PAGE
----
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MONTREAL — Goldcorp Inc. had no way of crystal-balling Quebec politics when it launched its unsolicited offer for Osisko Mining Corp. in January. But what is now clear is that its hostile bid will land smack in the middle of the next election campaign.
The Parti Québécois’s minority government will unveil Thursday what is expected to be an electoral budget. Whatever doubts remained about an election call in March were dispelled with the latest Crop/La Presse survey that indicates a majority is within reach for Premier Pauline Marois. You can already hear the campaign buses revving up.
The coincidence is reminiscent of the 2012 elections, when American retailer Lowe’s Cos. Inc. tried to acquire Quebec hardware chain Rona Inc. before withdrawing its proposal in the face of heated opposition that crossed party lines.
Will Osisko become another Rona? And how will the elections affect the battle for the Malartic gold mine, Osisko’s only operation?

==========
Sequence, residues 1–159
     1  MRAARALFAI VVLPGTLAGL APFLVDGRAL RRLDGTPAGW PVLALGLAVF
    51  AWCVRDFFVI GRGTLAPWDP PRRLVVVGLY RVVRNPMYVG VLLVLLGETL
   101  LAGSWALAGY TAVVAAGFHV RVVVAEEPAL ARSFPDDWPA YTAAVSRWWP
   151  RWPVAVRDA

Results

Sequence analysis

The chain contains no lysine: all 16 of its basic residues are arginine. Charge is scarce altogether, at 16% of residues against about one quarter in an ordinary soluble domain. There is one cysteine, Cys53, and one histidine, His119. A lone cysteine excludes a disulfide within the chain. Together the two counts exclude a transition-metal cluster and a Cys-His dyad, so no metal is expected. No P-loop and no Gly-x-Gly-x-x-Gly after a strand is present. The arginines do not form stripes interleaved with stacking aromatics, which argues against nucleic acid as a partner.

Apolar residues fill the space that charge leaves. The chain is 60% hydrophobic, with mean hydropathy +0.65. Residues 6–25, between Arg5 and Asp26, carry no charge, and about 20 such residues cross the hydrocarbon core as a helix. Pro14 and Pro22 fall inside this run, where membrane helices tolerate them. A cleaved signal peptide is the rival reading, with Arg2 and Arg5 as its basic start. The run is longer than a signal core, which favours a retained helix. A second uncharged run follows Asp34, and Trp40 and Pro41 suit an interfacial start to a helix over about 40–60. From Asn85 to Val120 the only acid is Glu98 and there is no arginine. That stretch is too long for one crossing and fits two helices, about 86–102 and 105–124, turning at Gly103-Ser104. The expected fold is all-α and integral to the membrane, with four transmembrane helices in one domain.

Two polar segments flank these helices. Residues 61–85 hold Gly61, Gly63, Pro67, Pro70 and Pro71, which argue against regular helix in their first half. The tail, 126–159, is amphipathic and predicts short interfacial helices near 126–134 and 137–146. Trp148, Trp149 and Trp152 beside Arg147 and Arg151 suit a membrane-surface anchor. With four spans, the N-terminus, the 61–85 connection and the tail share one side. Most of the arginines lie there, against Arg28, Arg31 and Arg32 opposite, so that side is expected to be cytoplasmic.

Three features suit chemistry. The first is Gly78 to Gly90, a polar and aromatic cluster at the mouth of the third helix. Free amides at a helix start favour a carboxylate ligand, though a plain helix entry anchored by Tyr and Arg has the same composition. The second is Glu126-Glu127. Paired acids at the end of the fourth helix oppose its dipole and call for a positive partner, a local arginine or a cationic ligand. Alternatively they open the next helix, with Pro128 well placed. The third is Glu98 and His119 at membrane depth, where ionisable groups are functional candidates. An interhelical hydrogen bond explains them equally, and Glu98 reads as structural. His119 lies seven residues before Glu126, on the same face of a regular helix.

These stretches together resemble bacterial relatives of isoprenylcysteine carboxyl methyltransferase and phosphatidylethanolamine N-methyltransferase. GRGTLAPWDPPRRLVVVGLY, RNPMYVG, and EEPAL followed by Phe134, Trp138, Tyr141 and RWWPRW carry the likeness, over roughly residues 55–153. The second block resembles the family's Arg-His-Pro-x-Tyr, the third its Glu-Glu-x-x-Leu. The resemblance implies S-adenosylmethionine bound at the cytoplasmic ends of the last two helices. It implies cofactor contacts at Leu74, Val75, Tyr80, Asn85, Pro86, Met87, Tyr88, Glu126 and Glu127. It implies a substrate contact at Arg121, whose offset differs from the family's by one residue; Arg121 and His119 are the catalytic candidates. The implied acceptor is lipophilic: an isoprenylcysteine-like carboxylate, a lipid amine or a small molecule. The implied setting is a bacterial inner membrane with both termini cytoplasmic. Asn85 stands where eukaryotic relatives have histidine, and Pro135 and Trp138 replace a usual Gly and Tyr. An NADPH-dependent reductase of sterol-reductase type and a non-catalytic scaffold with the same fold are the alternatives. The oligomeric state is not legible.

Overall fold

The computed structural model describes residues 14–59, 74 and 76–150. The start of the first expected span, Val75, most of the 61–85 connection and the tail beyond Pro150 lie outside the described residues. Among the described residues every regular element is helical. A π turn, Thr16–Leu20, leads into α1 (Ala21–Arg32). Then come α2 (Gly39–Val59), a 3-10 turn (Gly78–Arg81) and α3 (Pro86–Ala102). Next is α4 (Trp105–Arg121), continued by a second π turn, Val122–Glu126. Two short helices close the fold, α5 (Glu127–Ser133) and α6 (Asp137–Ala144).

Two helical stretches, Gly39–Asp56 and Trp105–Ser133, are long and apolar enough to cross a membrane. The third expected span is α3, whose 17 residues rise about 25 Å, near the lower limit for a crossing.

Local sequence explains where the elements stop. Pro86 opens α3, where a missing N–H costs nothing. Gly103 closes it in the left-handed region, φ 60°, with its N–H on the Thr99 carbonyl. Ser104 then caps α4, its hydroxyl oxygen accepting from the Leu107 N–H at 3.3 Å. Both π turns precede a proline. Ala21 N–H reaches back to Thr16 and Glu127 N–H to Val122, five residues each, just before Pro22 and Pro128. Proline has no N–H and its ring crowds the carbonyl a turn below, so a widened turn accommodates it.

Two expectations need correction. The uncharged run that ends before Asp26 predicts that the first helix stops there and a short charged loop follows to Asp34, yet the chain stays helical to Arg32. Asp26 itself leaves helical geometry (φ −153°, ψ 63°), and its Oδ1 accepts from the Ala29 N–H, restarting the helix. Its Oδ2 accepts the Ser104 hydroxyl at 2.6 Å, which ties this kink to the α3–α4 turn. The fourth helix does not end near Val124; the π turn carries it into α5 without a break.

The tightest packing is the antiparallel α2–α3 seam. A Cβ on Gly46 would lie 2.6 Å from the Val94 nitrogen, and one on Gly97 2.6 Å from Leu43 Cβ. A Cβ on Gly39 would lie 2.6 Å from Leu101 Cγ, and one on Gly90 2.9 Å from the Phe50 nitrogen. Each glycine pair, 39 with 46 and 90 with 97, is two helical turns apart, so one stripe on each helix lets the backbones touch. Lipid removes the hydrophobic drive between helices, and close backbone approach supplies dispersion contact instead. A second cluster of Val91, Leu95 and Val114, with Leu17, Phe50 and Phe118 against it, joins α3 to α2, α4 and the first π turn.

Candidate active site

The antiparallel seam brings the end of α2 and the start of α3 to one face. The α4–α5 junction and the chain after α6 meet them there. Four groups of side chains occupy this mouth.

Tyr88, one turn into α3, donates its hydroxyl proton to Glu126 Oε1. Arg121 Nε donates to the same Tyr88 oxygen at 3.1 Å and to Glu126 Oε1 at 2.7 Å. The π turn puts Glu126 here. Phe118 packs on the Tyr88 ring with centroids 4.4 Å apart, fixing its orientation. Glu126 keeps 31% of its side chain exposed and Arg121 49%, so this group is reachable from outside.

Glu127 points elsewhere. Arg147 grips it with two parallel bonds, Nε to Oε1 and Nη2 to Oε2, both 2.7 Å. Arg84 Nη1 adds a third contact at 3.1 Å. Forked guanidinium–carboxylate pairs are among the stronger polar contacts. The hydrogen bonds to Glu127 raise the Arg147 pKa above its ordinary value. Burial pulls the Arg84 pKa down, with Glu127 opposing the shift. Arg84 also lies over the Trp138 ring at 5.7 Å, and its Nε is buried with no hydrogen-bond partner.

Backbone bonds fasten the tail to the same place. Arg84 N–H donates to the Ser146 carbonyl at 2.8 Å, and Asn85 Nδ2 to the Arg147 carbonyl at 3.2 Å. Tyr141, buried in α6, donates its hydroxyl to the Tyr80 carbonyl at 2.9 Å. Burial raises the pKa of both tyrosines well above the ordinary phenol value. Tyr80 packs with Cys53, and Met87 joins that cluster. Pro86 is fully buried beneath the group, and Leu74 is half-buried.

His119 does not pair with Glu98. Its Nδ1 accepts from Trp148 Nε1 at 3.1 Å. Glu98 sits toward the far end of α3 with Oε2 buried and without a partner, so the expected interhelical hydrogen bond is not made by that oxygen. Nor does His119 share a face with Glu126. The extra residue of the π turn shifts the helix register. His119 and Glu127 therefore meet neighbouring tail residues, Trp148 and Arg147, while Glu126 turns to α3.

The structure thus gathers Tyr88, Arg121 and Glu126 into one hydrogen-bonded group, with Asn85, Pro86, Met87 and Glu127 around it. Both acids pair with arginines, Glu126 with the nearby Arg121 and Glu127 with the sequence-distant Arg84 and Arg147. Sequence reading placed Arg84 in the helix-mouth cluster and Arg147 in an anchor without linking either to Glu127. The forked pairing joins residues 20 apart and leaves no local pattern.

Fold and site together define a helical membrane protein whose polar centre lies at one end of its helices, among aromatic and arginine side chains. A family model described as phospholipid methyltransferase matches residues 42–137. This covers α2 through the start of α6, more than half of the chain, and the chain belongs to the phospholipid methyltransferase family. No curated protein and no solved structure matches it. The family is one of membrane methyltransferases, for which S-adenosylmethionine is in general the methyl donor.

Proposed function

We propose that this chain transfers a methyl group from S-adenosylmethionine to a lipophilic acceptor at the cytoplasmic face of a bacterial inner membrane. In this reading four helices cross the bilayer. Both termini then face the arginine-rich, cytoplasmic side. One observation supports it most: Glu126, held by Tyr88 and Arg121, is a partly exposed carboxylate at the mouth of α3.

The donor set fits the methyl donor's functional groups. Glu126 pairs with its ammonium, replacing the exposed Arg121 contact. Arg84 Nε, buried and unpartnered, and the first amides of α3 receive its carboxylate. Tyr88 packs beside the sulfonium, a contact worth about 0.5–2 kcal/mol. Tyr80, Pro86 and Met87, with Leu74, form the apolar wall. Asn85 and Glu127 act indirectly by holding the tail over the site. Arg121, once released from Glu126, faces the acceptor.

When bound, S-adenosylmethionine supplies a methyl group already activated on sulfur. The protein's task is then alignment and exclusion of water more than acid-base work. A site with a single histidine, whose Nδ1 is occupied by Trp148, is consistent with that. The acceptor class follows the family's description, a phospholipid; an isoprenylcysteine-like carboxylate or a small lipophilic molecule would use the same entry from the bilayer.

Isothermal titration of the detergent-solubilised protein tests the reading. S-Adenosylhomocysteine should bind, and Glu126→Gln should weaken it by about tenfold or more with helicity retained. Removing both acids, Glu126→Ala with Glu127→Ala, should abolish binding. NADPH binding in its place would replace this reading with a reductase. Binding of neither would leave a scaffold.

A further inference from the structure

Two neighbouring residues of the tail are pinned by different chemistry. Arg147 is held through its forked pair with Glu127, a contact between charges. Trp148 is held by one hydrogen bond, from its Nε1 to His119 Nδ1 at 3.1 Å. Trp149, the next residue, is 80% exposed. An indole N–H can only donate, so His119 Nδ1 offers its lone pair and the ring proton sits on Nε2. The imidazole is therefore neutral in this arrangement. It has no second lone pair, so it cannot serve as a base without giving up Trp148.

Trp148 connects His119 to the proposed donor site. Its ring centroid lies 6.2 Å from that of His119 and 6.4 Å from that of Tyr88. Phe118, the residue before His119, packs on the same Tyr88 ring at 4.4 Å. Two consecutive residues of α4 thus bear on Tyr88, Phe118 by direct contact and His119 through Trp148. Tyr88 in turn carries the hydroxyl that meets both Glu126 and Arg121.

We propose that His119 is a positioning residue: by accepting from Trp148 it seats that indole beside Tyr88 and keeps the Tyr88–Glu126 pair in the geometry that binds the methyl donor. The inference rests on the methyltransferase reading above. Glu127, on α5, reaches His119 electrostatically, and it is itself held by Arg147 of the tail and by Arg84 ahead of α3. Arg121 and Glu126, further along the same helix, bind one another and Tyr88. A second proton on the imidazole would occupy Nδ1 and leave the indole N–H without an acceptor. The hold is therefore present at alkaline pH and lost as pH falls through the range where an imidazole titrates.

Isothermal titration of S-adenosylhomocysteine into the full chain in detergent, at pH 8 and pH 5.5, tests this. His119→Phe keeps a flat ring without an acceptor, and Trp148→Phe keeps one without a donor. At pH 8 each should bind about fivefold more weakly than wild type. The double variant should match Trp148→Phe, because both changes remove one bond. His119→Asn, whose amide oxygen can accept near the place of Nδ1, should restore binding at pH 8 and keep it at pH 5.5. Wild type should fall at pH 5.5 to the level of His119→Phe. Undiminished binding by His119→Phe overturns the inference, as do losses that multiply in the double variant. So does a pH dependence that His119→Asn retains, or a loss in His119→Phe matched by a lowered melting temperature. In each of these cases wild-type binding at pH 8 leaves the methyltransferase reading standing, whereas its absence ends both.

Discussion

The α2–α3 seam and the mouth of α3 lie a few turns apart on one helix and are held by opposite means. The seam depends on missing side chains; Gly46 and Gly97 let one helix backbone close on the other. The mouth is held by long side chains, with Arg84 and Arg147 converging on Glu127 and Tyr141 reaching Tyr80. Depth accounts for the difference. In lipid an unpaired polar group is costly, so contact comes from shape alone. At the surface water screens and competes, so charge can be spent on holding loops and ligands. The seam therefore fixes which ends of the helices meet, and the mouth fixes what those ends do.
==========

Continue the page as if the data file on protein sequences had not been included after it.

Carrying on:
Quebeckers are quite attached to the Rona hardware stores that are found in just about every corner of the province. The same cannot be said of Osikso. While it is the province’s best-known mining company following the controversial expropriation of a Malartic neighbourhood where its open-pit mine was dug, Osisko’s economic importance is largely unknown.
As the battle heats up, that may change. Osisko is one of the only three Quebec-owned mining companies that go beyond exploration, the Board of Trade of Metropolitan Montreal pointed out in a press release.
Osisko’s market capitalization of $3.1-billion is double that of Rona’s. “We are bigger than Quebecor,” president Sean Roosen said to a Montreal newspaper. One and a half times bigger, in fact.
While Osisko is spinning its importance to Quebec, Goldcorp is not staying put. The Vancouver-based company just took out a full-page ad in La Presse to showcase its ties to the province with its Éléonore mine and its ties to Laval University.
Goldcorp’s pitch, in essence: We are not the mean foreigners.
This public relations battle might have been eclipsed by other election issues. But Quebec is about to publish a long-awaited report from an advisory committee that looked into how to protect companies from hostile takeovers. The non-partisan committee led by CGI executive Claude Séguin held as a premise that hostile takeovers can gut an economy.
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